numerous, and when the poplar and willow had matured their seed; others, again,
in autumn, when the same Cinnamomum polymorphum (Figure 138) was in fruit, as
well as the liquidambar, oak, clematis, and many other plants. The ancient lake
seems to have had a belt of poplars and willows round its borders, countless
leaves of which were imbedded in mud, and together with them, at some points, a
species of reed, Arundo, which was very common.

One of the most characteristic shrubs is a papilionaceous and leguminous plant
of an extinct genus, called by Heer Podogonium, of which two species are known.
Entire twigs have been found with flowers, and always without leaves, as the
flowers evidently came out, as in the poplar and willow tribe, before any leaves
made their appearance. Other specimens have been obtained with ripe fruits
accompanied by leaves, which resemble those of the tamarind, to which it was
evidently allied, being of the family Caesalpineae, now proper to warmer

(FIGURE 139. Acer trilobatum, normal form; Heer, Flora Tert. Helv. Plate 114
Figure 2. Size 1/2 diam. (Part only of the long stalk of the original fossil
specimen is here given ). Upper Miocene, Oeningen; also found in Lower Miocene
of Switzerland.)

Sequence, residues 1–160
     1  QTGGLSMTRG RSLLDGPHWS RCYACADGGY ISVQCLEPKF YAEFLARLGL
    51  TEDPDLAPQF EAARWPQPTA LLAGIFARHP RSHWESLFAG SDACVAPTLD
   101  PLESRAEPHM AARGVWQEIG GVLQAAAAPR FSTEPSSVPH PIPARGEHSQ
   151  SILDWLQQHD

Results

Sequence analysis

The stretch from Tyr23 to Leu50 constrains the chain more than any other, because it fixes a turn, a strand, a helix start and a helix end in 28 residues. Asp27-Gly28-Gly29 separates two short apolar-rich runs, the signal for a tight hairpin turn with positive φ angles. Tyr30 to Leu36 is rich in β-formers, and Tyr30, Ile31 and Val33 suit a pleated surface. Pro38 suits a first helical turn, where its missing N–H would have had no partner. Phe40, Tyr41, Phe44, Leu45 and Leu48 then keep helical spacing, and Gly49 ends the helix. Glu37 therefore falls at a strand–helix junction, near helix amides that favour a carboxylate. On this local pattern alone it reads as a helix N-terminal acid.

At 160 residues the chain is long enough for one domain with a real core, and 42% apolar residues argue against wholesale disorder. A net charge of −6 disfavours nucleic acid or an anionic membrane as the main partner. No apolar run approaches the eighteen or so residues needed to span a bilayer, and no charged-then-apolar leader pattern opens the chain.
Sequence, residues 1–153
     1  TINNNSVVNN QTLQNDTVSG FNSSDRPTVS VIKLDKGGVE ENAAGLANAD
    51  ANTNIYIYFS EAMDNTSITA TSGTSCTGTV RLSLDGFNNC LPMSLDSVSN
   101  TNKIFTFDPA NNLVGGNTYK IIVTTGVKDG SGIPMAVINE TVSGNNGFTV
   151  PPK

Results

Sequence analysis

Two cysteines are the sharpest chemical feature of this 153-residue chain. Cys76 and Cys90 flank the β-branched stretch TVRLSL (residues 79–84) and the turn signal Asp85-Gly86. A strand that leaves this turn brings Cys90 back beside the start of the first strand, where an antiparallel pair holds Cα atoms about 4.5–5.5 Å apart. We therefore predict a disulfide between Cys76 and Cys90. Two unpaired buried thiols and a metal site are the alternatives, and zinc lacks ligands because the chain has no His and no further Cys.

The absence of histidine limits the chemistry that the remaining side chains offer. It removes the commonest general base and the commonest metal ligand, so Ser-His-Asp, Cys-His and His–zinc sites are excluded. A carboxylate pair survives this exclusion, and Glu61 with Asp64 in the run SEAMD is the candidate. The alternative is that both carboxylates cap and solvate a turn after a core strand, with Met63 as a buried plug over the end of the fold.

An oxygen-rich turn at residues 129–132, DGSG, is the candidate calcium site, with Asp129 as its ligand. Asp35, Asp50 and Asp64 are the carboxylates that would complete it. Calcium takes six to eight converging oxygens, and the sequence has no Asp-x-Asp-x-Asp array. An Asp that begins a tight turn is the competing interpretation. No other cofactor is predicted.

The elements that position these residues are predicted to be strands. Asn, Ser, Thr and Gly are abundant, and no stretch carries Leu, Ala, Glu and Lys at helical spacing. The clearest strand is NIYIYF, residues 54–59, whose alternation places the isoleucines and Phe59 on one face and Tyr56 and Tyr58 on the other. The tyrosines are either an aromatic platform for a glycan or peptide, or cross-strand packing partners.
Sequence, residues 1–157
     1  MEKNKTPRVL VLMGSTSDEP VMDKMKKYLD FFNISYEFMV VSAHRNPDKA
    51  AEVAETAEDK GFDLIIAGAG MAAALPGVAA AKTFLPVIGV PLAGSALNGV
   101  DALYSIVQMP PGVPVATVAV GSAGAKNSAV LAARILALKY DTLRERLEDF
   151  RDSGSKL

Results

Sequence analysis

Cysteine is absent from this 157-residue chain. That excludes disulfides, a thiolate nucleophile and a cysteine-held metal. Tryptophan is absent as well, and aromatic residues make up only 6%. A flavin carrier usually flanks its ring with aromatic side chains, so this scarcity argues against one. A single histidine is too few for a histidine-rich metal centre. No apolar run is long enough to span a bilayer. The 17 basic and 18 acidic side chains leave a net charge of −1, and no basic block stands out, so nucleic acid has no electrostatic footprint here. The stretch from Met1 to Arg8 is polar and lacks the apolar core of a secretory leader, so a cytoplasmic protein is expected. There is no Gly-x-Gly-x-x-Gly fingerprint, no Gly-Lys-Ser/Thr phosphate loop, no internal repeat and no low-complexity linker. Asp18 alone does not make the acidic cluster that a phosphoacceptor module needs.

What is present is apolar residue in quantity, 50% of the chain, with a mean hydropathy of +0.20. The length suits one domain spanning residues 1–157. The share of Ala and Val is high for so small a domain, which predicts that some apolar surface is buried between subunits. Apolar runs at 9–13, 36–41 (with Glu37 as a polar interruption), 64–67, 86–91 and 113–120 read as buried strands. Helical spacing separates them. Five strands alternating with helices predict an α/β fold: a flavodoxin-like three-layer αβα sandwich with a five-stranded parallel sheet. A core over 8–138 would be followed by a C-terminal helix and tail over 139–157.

(FIGURE 140. Acer trilobatum.
a. Abnormal variety of leaf; Heer, Plate 110 Figure 16.
b. Flower and bracts, normal form; Heer, Plate 111 Figure 21.
c. Half a seed-vessel; Heer, Plate 111 Figure 5.)

(FIGURE 141. Platanus aceroides, Gopp.; Heer, Plate 88 Figures 5-8. Size 2/3
diam. Upper Miocene, Oeningen.
a. Leaf.
b. The core of a bundle of pericarps.
c. Single fruit or pericarp, natural size.)

The Upper Miocene flora of Oeningen is peculiarly important, in consequence of
the number of genera of which not merely the leaves, but, as in the case of the
Podogonium just mentioned, the fruit also and even the flower are known. Thus
there are nineteen species of maple, ten of which have already been found with
fruit. Although in no one region of the globe do so many maples now flourish, we
need not suspect Professor Heer of having made too many species in this genus
when we consider the manner in which he has dealt with one of them, Acer
trilobatum, Figures 139 and 140. Of this plant the number of marked varieties
figured and named is very great, and no less than three of them had been
considered as distinct species by other botanists, while six of the others might
have laid claim, with nearly equal propriety, to a like distinction. The common
form, called Acer trilobatum, Figure 139, may be taken as a normal
representative of the Oeningen fossil, and Figure 140, as one of the most
divergent varieties, having almost four lobes in the leaf instead of three.

(FIGURE 142. Smilax sagittifera; Heer, Plate 30 Figure 7. Size 1/2 diameter.
a. Leaf.
b. Flower magnified, one of the six petals wanting at d. Upper Miocene,
c. Smilax obtusifolia; Heer, Plate 30 Figure 9; natural size. Upper Miocene,

(FIGURE 143. Fruit of the fossil and recent species of Hakea, a genus of
a. Leaf of fossil species, Hakea salicina. Upper Miocene, Oeningen; Heer Plate
97 Figure 29. 1/3 diameter.
b. Impression of woody fruit of same, showing thick stalk. 2/3 diameter.
c. Seed of same, natural size.
d. Fruit of living Australian species, Hakea saligna, R. Brown. 1/2 diameter.